Knit Hems, Double Needles, and Starch

I just got this free ebook. It has lots of information on hemming. Get your copy!

Free download: The Colette Guide to Sewing Hems

knit hemI’ve been sewing knit hems on T-shirts lately with a double needle (also called a twin needle). One suggestion in this ebook is to use Wonder Tape (page 94) to stabilize knit hems. I try to avoid buying expensive consumable sewing notions – so my cheap natural solution is to use home-made spray starch. To make heavy starch, shake up 1 tsp (5 mL) cornstarch (aka cornflour in the UK) in 1 cup (240 mL) of water in a spray bottle.

Shake the bottle each time before you spray. Spray the fabric until it is wet and then press up the hem. Your iron needs to be set on the wool setting (about 300°F / 148°C). Any hotter than that and you will burn the starch. Hold the iron down in one spot for a few seconds until the fabric is most of the way dry, gently twist the iron back and forth to loosen it, then lift it and move to the next spot. If you try to lift the iron too soon it will be stuck to the fabric. This isn’t commercial starch with additives to make it slippery! However, the stickiness can be useful – the heavy starch not only stiffens the fabric; it also temporarily glues the layers of fabric together if you use enough starch. Starch really only works well on natural fibers, which is pretty much all I sew with. It makes sewing a perfect knit hem really easy, then it washes right out.

Starch residue does build up on the iron. I use my old iron for ironing on starched fabric and fusibles. To clean it after each use, I turn the heat all the way up and iron over an old wet towel. This doesn’t get all of the build-up off, so very occasionally I will use commercial iron cleaner to completely clean the iron.

Starched cotton jersey knitWhen I was using lightweight cotton jersey that really wanted to curl at the edges, I made boiled starch and starched all of the fabric before I cut it. It really helped to make the fabric behave better without making it stiff. For medium starch: Put ¼ cup (40 g) of cornstarch in a cooking pot. Measure out 2 quarts (2 L) of cold water. Pour a little of the water into the cornstarch, sir out the lumps, then add more water until about half of the water is in the pot. Heat on medium heat, stirring occasionally. When it starts to thicken, start stirring constantly. When it starts to boil, turn down the heat and boil for 1 minute while stirring. Turn off the heat and mix in the rest of the water.

Wet the fabric with plain water, wring it out, put it in the starch mixture and swish it around. If you have more pieces of fabric to starch, wring out the first piece, then put the next piece of fabric in. For small pieces of fabric, squeeze out the liquid, then roll in a towel. For larger pieces of fabric, put the fabric in the clothes washer and set the washer to spin only (I used a low speed spin cycle to retain more of the starch). You can save some of the liquid to put in a spray bottle if areas of your fabric need additional starching later, or you can mix up some raw starch when you need it. Store the starch mixture in the refrigerator – it’s a food product, and it will spoil. It’s the price you pay for using starch without preservatives such as formaldehyde, which is perfectly fine with me!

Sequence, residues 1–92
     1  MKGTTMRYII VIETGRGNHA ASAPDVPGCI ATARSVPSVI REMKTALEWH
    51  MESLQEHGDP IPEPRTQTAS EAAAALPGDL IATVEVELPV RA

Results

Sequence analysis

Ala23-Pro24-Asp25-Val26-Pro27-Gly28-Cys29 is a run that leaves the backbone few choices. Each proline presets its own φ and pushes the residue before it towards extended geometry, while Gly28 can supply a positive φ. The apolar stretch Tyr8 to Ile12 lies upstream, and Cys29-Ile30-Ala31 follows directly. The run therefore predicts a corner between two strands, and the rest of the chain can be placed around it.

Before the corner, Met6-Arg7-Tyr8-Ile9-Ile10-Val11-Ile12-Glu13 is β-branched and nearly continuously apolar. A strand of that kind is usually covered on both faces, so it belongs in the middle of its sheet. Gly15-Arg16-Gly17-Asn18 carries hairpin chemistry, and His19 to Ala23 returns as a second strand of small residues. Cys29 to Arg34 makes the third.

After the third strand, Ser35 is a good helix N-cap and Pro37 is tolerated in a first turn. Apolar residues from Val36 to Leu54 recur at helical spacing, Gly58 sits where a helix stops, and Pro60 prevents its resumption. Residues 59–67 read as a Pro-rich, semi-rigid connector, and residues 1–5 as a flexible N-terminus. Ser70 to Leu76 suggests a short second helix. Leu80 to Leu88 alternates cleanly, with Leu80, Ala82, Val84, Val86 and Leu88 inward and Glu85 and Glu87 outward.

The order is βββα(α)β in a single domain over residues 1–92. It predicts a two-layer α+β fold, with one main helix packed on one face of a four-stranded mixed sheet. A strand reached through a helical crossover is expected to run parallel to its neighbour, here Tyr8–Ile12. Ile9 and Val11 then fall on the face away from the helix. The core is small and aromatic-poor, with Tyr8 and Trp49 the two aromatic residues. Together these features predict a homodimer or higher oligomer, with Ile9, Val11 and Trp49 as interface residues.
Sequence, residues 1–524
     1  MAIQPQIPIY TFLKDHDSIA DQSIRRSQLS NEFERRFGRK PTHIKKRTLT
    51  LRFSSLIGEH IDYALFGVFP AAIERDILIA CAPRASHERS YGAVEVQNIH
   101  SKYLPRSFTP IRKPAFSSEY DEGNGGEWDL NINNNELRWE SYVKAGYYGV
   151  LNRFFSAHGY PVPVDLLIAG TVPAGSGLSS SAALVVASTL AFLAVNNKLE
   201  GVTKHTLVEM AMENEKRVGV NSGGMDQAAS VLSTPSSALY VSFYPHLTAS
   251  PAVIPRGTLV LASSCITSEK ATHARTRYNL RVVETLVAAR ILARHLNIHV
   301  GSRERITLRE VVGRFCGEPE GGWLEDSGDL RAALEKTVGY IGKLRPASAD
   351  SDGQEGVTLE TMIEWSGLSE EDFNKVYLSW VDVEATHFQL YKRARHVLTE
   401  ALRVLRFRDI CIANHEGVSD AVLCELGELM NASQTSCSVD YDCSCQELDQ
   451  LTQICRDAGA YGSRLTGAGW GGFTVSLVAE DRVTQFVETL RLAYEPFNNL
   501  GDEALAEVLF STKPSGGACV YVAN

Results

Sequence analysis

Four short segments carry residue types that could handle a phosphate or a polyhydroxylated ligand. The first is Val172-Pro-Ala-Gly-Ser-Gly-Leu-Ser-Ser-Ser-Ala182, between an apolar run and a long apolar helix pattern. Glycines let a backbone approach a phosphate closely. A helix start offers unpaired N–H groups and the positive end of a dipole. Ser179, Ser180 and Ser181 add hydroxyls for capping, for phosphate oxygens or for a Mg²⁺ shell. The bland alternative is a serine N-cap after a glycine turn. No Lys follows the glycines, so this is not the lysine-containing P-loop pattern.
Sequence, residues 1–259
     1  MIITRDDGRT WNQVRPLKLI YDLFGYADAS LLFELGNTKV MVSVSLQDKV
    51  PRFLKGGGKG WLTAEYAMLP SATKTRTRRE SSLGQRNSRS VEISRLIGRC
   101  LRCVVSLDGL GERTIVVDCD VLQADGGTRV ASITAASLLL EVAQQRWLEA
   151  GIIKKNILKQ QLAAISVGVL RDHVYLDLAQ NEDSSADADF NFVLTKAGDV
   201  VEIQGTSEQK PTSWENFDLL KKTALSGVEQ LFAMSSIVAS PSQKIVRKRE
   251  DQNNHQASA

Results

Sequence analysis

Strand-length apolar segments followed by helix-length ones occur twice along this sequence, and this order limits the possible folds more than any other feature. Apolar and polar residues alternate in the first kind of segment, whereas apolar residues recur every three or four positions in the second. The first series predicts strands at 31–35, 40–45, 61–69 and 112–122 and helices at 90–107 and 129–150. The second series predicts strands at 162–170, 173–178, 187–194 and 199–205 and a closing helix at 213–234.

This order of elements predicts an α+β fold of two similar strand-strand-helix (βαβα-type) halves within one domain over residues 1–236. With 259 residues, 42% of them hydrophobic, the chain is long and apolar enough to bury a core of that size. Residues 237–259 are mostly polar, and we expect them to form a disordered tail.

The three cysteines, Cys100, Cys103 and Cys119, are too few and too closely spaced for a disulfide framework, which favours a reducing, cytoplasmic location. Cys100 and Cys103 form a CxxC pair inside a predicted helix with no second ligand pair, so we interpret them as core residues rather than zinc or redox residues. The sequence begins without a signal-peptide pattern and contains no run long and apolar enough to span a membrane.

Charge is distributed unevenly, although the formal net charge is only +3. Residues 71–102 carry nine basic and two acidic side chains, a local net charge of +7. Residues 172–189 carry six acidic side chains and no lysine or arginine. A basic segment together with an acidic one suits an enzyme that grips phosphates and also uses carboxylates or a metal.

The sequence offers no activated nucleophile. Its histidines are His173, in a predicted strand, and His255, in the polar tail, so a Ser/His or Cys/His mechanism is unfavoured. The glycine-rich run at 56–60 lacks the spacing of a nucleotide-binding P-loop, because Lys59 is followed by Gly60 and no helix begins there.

Either let the fabric dry flat, or put in in the dryer and take it out when it is still damp. Put a towel or protective cloth over your ironing board. Iron the fabric dry with an iron set to the wool setting. Set the iron down in one spot for a few seconds, then slightly rotate it back and forth to unstick it before lifting. If you try to lift the iron too soon, the fabric will stick to it. If you have so much fabric that ironing the whole thing would take hours, just iron any curled edges or wrinkled areas, then hang the fabric on a drying rack or lay it flat to finish drying.

I didn’t realize this when I first started sewing knit hems with a double needle: In order for the stitches to stretch, you need to increase the upper thread tension and/or reduce the bobbin tension until you get a zig-zag on the underside. The problem with increasing the upper thread tension is that you can get a raised channel (aka tunneling) between the rows of stitching. Stitching on heavily starched fabric will help prevent tunneling. Loosening the bobbin tension sounds like a better idea, but I haven’t tried it, since I try not to adjust the bobbin tension too often (I don’t want to wear out that little screw). Although, now that I’m thinking of it, I have an extra bobbin case – I should just leave that one set to a looser tension. With starched fabric and a 3 mm wide double needle, I haven’t had any problems, but I imagine tunneling would be more of an issue with double needles set further apart, and you would really need to loosen the bobbin tension.

Did you know that double needles can be used with any zig-zag machine, whether or not they are mentioned in your sewing machine manual? Here’s how I use them in my Singer Fashion Mate 252. I fill up a bobbin and set it underneath my upper thread spool, with the threads unwinding in opposite directions to keep them from tangling.  I thread both threads through as if they were one, stopping before the last thread guide. I pull out a few inches of thread to get the twists out, then thread one thread through the final thread guide and into the left needle. Finally, I thread the other thread directly into the right needle, skipping the last thread guide.

When you buy double needles, make sure you are not buying needles set any further apart than the widest zig-zag stitch your sewing machine makes. You can get extra wide 6 and 8 mm double needles now that will only work on certain sewing machines. Get the right kind (universal, ballpoint, stretch) and size of needle for the fabric you are using, too.

Posted in Sewing

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